We lift the Lion's paw to find a bright, red variable star, a germinating planetary nebula, galaxies rarely visited, and a diversity of doubles.
Orion's Belt is a magnetic sight on February nights. Take the bait and revel in a bounty of double and multiple stars, nebulae, and more.
Pisces, that sprawling constellation of faint stars easy to ignore, holds a treasure trove of double stars for small telescopes.
Point your telescope towards these doubles — true gems of the late-summer sky. You don’t even need dark skies or a big telescope to admire them!
Push your telescope to the limit and put your eyes to the test with this series of tight-knit springtime double stars.
Colorful lights twinkle everywhere during the holiday season, including up above in some remarkably tinted double stars. Find out what makes them so alluring.
A stunning double star, Albireo is also a bit of an enigma. Is it a true binary or the result of a chance alignment?
Bright Capella plays it close to the vest when it comes to companions, but with a good map and steady skies you can track down its dwarf binary.
Lonely Fomalhaut turns out to have plenty of company. Learn how to find its two remarkably distant stellar companions.
Not every set of closely paired stars requires binoculars or a telescope to "split". Here's a guide to summertime doubles you can tackle with your eyes alone.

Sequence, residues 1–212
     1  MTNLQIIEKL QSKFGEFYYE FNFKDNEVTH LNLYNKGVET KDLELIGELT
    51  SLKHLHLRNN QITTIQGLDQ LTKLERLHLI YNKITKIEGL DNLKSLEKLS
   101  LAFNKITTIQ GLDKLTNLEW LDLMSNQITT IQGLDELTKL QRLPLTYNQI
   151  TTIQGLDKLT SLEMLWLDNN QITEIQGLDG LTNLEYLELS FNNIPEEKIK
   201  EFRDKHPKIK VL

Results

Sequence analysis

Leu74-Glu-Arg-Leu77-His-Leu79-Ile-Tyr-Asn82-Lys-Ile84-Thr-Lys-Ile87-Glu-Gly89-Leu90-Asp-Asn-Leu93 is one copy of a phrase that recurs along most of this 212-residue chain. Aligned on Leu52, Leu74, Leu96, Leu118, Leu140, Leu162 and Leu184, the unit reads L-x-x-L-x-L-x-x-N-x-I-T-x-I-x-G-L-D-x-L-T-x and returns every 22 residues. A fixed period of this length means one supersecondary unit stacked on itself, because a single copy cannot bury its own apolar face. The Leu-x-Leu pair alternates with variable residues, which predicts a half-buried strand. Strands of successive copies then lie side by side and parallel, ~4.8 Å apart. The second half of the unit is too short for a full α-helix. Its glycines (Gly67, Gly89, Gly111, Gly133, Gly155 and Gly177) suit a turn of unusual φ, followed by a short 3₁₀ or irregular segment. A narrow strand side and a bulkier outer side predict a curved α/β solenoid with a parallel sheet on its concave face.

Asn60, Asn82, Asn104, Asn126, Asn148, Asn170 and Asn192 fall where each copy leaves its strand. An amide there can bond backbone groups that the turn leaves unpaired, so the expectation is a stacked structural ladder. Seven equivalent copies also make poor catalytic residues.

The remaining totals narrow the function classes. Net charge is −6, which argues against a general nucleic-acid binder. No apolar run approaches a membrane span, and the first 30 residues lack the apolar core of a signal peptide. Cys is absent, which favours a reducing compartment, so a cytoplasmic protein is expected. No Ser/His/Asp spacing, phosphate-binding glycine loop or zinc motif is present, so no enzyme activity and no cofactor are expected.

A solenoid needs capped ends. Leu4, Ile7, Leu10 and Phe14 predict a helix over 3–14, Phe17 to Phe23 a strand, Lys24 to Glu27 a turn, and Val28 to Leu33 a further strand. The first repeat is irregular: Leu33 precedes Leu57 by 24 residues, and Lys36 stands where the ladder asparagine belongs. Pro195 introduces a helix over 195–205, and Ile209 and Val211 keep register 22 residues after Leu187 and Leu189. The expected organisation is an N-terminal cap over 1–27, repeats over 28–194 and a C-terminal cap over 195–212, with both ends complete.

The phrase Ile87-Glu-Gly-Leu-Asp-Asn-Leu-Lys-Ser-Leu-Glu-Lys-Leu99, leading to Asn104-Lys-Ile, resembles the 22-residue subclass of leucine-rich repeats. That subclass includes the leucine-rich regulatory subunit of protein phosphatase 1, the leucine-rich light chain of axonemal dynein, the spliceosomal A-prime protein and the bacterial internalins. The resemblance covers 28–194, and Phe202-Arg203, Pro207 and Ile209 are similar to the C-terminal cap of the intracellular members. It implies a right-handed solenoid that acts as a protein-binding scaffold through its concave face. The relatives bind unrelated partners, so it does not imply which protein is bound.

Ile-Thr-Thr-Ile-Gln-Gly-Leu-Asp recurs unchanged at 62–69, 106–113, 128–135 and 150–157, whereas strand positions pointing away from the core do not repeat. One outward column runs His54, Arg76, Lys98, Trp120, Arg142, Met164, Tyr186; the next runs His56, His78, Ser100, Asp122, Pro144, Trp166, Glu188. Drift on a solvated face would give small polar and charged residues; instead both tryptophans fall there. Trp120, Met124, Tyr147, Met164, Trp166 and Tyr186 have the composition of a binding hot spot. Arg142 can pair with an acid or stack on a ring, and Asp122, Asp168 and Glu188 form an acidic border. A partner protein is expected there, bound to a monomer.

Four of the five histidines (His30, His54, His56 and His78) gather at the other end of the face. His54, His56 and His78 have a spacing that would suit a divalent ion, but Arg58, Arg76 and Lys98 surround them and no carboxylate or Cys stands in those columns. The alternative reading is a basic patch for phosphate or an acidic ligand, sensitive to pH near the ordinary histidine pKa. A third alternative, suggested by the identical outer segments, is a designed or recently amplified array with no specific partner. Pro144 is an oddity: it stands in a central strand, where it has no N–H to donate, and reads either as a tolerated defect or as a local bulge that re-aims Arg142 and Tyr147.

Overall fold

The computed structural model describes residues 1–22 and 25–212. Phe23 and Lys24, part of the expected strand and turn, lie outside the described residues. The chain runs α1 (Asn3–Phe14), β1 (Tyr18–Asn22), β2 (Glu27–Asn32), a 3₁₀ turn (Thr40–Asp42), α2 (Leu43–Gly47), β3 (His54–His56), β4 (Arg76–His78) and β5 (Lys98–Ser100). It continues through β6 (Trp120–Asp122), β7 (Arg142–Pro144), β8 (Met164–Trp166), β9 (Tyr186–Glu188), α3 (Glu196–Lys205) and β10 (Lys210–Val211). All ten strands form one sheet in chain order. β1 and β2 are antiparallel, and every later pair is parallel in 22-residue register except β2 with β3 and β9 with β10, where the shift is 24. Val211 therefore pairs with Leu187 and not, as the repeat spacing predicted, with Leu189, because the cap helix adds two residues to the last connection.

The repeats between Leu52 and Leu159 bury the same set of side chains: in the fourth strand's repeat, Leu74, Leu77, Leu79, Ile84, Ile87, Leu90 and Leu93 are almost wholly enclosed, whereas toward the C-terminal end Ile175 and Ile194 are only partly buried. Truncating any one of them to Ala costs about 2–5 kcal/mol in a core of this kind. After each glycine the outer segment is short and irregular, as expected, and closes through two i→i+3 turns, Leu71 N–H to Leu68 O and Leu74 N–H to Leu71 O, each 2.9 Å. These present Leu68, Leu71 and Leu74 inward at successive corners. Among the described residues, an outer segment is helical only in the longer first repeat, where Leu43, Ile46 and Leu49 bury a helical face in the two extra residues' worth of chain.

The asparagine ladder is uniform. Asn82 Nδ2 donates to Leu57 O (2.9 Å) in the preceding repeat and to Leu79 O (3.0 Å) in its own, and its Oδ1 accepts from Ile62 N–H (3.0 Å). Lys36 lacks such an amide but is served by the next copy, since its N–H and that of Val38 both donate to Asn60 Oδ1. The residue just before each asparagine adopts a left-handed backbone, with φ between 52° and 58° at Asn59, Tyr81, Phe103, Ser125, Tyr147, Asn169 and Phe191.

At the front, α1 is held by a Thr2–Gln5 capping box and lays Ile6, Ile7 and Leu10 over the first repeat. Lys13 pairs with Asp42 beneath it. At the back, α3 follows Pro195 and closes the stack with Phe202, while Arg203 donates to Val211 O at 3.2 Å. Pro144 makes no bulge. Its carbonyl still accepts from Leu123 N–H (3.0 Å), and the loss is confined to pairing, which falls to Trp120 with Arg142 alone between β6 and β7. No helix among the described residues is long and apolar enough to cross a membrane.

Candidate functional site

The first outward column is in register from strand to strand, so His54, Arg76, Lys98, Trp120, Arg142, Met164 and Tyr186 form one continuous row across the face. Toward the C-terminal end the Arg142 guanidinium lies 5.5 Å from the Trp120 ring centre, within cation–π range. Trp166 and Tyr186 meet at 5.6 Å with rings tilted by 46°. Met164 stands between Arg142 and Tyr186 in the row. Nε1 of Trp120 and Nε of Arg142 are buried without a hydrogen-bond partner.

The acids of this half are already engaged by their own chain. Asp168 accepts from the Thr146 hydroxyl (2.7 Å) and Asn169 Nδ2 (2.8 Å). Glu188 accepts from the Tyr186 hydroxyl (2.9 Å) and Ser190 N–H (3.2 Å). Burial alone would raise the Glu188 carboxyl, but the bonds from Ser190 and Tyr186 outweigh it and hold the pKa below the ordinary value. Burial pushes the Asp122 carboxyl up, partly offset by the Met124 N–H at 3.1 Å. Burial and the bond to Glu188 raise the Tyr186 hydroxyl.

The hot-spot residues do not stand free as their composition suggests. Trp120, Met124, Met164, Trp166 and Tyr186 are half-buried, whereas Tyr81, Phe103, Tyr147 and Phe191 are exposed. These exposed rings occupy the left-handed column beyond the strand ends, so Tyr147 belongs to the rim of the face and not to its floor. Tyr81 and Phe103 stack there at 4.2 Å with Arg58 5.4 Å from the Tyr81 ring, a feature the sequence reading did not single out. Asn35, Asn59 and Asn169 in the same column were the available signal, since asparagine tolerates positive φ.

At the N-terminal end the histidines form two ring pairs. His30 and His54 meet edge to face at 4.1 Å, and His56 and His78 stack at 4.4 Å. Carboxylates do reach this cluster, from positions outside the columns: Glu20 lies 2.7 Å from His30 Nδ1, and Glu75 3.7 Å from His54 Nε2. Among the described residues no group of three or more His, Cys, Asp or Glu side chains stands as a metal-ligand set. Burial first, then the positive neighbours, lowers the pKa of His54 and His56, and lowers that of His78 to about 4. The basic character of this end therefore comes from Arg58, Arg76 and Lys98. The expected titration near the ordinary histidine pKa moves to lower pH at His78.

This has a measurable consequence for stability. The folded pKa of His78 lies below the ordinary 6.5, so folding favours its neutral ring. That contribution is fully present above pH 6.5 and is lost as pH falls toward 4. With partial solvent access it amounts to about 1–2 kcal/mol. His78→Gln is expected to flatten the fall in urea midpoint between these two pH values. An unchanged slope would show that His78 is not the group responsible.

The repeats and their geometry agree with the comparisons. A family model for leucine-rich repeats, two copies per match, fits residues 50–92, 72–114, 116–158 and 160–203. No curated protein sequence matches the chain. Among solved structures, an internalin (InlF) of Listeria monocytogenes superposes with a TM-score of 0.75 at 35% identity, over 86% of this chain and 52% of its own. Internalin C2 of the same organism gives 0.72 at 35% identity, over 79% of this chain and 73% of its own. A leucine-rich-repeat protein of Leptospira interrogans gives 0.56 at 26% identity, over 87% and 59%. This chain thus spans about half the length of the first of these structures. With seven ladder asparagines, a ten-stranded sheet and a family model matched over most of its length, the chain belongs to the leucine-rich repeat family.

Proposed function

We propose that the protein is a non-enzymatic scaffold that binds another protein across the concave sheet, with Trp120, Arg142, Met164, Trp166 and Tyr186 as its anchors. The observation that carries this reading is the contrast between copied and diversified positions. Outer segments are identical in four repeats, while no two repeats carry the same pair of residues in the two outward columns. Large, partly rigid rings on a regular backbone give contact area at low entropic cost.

Double stars show us color combinations we seldom see anywhere else in the sky. Viewing these stellar twins yourself is fun and easy.
Spotting double stars is always a stargazing treat! Here are some targets to get you started.
Some of the finest double and multiple stars in the sky are on display as the constellation Orion, the Hunter, comes to prominence.
Double stars can be found everywhere. Here's a selection of pretty doubles vislble when Orion the hunter is riding high in the sky.
When the Milky Way is prominent, don't overlook the wealth of pretty double stars visible during this season.
The treasure-filled skies of the Southern Hemisphere offer observers more than showpiece clusters and nebulae.
Amateur observations of visual double stars are desperately needed. Here¹s how you can take the plunge.